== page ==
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Can you name the one company that, for the past five years, has steadily increased its revenue YoY, earnings per share, dividends and per share book value, yet its share price has gone literally nowhere?

That company, of course is General Electric (NYSE:GE) – the mega-conglomerate with a market cap of $335 billion. As if these reasons were not good enough to love GE, consider that GE's current 3.7% dividend yield is roughly equal to the interest on the richest savings accounts. You'll also be happy to know that in today's volatile market GE is relatively safe, sporting a β of only .8, trading within about 10% of its 4-year low and at a P/E of about 15 - the very low end of its 10 year range.

This stock is obviously a great value, but what makes me think that now is the right time to buy it? Why didn't I buy it a month ago, when it first made its bottom? And how do I know that it will not dip any lower?

Of course, nobody knows the answer to that last question - anything can happen, but several bullish signs are pointing towards a recovery in GE's per share value.

  • GE stock is significantly oversold, indicative of a bottom
  • GE insiders have started buying shares in the open market
  • GE can borrow at decreasing costs, while most competitors have to pay more.
  • The writer's strike is finally over and NBC Universal can contribute an increasing share to GE's profitability
  • Expect GE's under-appreciated Healthcare segment to improve performance – there is pent-up demand.
  • GE will grow foreign revenue, especially in emerging markets – China Olympic Games projects are especially important
  • GE Energy has the technology and best products to fulfill the Oval Office's dreams for an oil independent future.

Actually, let me expand a bit on that last bullet point. Most people probably don't know this, but GE Energy has the most advanced design for a safe nuclear power plant and it is the only U.S.-based company that can build a nuclear power plant. It has already built four of these and is in the process of building three more. None of these plants are in the U.S.

In fact, there has not even been an application for a new U.S. nuclear power plant submitted in almost 30 years. But from the end of Q3 2007 through the end of this year, there will be close to 30 such applications filed. Under the Energy Policy Act of 2005, the industry is getting something like $12 billion in subsidies to build new plants. And they will be getting more in federal loan guarantees and risk insurance.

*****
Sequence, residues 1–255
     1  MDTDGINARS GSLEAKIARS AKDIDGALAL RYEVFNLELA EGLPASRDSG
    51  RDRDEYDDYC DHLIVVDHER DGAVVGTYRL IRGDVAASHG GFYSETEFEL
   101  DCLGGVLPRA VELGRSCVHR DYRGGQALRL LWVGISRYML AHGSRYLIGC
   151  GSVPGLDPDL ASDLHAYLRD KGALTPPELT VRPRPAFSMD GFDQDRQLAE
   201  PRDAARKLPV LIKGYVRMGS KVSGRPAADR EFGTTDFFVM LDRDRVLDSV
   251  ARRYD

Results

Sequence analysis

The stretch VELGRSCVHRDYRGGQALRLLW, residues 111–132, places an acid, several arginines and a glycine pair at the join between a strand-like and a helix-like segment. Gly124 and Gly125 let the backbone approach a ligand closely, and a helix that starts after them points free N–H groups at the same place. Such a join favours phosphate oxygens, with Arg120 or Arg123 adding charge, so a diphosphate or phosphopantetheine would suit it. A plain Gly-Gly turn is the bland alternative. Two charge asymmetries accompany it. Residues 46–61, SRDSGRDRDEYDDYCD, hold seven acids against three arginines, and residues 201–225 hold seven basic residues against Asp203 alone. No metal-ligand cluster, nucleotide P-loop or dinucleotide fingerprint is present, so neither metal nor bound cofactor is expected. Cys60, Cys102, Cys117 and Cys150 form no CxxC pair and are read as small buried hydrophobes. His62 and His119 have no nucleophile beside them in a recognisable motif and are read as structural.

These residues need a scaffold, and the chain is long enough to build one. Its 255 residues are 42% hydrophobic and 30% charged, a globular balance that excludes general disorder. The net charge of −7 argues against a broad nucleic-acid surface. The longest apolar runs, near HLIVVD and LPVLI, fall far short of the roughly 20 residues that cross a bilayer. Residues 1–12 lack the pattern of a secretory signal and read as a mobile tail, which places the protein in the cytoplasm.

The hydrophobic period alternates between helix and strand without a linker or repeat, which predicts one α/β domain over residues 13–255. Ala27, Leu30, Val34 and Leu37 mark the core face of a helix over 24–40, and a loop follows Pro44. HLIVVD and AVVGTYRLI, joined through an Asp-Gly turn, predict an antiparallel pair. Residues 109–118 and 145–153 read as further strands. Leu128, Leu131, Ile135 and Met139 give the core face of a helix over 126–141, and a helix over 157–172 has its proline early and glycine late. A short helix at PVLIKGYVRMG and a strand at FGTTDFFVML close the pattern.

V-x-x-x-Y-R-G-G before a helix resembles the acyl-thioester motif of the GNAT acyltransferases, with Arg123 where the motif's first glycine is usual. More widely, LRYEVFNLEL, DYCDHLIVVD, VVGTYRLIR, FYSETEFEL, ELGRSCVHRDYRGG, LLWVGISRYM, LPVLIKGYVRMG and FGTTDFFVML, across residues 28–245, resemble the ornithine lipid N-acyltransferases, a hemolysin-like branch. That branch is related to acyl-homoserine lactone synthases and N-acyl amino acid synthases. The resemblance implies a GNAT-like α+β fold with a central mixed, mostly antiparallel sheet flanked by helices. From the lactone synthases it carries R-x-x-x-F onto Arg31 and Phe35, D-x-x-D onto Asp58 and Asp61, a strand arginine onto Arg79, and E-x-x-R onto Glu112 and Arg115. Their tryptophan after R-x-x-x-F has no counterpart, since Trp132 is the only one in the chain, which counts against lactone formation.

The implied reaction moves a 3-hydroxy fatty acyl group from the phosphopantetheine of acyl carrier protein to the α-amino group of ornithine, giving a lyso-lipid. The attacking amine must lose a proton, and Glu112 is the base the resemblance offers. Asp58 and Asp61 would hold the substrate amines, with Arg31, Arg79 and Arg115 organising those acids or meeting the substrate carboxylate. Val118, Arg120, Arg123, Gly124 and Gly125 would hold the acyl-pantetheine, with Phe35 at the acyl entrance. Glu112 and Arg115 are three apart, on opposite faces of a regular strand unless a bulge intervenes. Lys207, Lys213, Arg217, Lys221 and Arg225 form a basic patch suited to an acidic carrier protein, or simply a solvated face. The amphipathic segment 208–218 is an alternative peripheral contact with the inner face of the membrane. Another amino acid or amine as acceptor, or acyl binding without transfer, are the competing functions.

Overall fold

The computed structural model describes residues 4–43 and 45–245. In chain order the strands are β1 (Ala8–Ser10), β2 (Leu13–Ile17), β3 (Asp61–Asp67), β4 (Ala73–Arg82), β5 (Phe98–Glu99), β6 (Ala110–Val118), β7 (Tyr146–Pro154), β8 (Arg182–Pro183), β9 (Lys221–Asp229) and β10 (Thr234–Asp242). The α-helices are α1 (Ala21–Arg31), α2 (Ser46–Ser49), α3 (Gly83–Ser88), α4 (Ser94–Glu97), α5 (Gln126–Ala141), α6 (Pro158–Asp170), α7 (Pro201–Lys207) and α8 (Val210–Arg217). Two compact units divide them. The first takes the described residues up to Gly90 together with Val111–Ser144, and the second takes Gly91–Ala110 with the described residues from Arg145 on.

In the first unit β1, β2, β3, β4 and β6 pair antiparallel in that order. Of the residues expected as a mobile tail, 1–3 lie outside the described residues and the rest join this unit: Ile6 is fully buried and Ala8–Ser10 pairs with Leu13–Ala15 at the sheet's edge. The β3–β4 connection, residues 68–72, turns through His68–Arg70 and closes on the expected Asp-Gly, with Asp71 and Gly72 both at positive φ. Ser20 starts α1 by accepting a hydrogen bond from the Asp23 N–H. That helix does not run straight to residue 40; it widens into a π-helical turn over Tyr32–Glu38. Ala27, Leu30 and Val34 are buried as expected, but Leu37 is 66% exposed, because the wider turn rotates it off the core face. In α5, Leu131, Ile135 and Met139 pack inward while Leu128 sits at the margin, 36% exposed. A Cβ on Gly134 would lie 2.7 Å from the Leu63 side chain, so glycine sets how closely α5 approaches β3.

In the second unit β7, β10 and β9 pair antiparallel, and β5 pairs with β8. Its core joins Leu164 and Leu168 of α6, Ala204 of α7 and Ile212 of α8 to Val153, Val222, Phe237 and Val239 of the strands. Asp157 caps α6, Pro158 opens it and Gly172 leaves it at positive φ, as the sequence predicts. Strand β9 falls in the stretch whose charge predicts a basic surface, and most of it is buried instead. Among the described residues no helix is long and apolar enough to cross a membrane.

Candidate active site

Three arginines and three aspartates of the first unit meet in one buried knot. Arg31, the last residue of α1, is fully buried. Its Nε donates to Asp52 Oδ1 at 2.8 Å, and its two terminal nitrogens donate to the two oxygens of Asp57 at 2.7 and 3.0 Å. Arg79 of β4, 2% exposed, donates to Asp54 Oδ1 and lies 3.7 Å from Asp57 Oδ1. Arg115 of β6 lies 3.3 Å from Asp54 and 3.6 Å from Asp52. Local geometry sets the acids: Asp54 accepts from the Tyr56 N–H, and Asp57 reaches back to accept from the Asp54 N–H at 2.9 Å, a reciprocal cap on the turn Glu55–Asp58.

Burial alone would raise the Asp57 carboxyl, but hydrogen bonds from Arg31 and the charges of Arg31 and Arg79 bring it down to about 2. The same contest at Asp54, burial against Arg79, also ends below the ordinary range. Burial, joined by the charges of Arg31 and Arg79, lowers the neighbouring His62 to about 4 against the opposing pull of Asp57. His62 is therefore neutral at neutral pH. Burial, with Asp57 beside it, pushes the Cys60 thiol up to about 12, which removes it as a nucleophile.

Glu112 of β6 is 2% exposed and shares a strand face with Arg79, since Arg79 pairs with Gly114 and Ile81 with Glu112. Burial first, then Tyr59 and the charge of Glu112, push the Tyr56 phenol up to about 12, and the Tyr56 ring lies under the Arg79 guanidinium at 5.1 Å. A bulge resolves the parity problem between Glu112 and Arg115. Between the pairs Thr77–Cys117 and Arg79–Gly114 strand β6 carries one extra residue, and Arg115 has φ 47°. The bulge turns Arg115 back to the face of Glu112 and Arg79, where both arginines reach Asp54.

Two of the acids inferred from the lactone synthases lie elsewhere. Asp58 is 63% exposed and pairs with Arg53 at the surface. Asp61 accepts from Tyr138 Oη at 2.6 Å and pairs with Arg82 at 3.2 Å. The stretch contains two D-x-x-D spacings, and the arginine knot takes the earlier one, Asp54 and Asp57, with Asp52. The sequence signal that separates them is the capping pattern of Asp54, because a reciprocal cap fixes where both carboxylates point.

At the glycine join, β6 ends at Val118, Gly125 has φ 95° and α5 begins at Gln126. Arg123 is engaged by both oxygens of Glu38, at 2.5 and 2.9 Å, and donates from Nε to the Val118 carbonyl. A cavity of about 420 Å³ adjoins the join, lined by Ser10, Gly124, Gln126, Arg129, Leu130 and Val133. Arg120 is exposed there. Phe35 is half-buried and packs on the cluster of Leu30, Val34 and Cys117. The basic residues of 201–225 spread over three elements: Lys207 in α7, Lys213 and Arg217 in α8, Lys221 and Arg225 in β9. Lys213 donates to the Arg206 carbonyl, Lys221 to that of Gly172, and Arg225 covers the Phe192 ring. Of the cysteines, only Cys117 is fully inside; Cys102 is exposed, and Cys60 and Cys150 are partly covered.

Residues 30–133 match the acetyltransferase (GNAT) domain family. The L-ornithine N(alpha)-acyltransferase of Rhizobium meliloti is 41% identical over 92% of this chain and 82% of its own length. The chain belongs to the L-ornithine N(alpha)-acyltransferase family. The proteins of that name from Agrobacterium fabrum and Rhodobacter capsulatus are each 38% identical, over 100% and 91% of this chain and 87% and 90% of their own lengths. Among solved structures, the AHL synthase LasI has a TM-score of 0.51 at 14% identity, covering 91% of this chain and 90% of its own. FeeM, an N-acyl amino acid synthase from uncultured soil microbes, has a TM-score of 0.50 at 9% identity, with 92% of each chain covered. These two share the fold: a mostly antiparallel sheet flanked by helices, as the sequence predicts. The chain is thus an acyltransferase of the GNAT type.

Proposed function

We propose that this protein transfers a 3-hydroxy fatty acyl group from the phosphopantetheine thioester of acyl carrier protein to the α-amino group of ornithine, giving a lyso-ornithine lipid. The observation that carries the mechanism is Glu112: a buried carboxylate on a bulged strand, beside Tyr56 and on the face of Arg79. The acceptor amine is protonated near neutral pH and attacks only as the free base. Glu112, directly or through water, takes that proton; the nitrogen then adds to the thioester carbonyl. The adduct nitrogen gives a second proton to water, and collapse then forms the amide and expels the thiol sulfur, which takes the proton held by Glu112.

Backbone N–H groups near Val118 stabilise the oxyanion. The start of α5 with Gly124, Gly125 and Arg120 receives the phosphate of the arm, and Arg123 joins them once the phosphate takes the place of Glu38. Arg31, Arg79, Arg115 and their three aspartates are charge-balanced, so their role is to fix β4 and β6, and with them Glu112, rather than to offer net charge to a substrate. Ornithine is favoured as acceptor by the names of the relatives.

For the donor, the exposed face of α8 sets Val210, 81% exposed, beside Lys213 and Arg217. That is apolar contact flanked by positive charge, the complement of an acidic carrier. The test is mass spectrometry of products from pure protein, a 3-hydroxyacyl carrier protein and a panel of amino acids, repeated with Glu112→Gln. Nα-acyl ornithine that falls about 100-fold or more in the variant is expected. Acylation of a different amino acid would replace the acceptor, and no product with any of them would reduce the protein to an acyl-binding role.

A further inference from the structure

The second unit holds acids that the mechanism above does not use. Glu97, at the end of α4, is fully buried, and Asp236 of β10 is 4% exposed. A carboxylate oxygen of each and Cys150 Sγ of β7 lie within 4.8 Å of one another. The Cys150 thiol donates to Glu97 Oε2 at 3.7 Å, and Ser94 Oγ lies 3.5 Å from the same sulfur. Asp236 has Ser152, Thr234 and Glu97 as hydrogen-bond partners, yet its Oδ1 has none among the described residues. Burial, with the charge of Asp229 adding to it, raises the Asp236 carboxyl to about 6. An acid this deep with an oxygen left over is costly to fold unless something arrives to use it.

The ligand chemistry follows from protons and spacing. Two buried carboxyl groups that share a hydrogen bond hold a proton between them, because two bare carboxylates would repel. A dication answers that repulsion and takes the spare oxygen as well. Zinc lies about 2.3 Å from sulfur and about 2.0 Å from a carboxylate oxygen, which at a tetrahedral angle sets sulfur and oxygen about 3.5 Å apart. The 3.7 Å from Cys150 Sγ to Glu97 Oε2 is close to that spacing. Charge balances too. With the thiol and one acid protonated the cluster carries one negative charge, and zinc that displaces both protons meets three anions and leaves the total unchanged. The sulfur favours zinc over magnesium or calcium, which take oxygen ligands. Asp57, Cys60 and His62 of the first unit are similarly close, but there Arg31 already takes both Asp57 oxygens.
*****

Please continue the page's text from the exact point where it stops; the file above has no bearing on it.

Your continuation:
That new nuclear power plants will be built in this country is a near certainty. That GE will be the one entrusted to build them appears inevitable. Now, did I mention that a reactor can easily cost $90 billion to build and that the liability from accidents is limited by law?! Ok then, $90 Billion multiplied by 30 plants and we are talking real money.

Of course, I know that not all of these plants may get built and that GE will have to share these revenues with others and that the money will roll in very gradually and over an extended time period. But the sheer size of the GE growth potential here is absolutely mind-boggling. As large as GE is, it has revenues of less than $50 Billion a quarter and this one single product is destined to boost its revenue by more than 10% by conservative estimates (and that's only one of GE's leading edge energy products).

GE also has leading edge geothermal products – the way of the future for commercial heating in extreme climates, as well as leading edge wind turbines as well as a range of solar products. Granted that the current production solar panels are rather inefficient, capturing only 12% of available energy, but I still remember the 80s, my college days and the federal tax credit-inspired solar boom. Back then I was working at the nonprofit Boulder Energy Conservation Center, designing solar systems using similar looking panels, which were barely 1% efficient. If I was a gambling man, I would surely bet that within 10 years GE will produce panels that are so efficient that they can pay for themselves within 3 years for large commercial installations. Now I am dreaming…

So what's the bottom line? It's that I have a hard time imagining a scenario under which GE's long term earnings growth will be limited to 2% a year – a common expectation among most analysts. What I see is a value priced stock poised for long-term growth. In fact, I couldn't resist picking some up on Friday (02/22) at $33.34.

Disclosure: Long GE

Source: GE: Nuclear Growth Galore